Conclusions for sale

A flawed smoking study highlights the political nature of science bought and paid for.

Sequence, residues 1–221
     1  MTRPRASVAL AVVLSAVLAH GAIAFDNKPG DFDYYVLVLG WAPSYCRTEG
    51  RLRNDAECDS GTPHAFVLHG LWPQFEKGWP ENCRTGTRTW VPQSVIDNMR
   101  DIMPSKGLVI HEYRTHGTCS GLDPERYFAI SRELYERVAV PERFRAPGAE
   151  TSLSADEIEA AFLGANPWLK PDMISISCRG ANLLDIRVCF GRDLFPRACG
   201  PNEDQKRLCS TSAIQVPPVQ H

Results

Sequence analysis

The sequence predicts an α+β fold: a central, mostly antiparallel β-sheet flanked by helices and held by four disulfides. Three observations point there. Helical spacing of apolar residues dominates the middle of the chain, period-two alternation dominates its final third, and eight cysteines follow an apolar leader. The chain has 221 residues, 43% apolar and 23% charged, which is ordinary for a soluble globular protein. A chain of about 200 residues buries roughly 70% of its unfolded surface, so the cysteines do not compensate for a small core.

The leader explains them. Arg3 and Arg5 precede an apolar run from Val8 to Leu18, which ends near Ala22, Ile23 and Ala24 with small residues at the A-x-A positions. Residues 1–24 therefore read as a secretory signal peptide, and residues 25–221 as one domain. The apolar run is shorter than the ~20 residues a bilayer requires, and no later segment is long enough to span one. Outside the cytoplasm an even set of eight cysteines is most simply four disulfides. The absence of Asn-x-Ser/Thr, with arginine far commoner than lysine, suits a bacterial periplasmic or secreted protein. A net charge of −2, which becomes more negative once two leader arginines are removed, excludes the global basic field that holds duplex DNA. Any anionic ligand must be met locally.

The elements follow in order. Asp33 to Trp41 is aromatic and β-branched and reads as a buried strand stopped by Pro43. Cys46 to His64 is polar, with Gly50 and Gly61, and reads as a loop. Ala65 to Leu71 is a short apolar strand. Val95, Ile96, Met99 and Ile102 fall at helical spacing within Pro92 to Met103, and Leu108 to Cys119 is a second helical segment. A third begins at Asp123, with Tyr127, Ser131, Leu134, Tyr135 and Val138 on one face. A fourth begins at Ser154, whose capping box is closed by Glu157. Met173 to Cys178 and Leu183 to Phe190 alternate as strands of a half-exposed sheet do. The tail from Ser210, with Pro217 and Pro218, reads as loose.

The University of Minnesota hosted a recent study to determine, according to the abstract, the validity of the perception of negative economic effects smoking bans had on bars. As quoted in news publications worldwide, the study found that smoking bans do not hurt business. The conclusion, however, could be as tainted as the money used to extract it. The study was funded entirely by ClearWay Minnesota , a non-profit whose mission is, âÄúTo enhance life in Minnesota by reducing tobacco use and exposure to secondhand smoke.âÄù The organization awards grants to âÄúMinnesotans trying to protect their communities from the damage tobacco causes.âÄù The UniversityâÄôs grasp on conflicts of interest appears hazy at best. Unlike partisan ClearWay Minnesota, true science and research have no political ends. Asked if any of the studies funded by ClearWay have concluded against the organizationâÄôs politics, Vice President Andrea Mowery said âÄúI canâÄôt think of one off the top of my head.âÄù Ironically, ClearWayâÄôs funding comes from the Minnesota settlement against tobacco companies for, according to ClearWay, âÄúharming and misleading the citizens of Minnesota with their products and practices,âÄù like bogus tobacco research. The University destroys the credibility of its research faculty and their work when accepting grants from industry or interest groups. Rather than play accessory to the academic crime of mutilating the discipline of science into a business, the University should lead the way by refusing all research funds from industry and interest groups. Perhaps pumping our resources into the sciences with little regard for the liberal arts is causing a shortage of critical thinking. Of course, the University could find that very conclusion, for a nominal fee.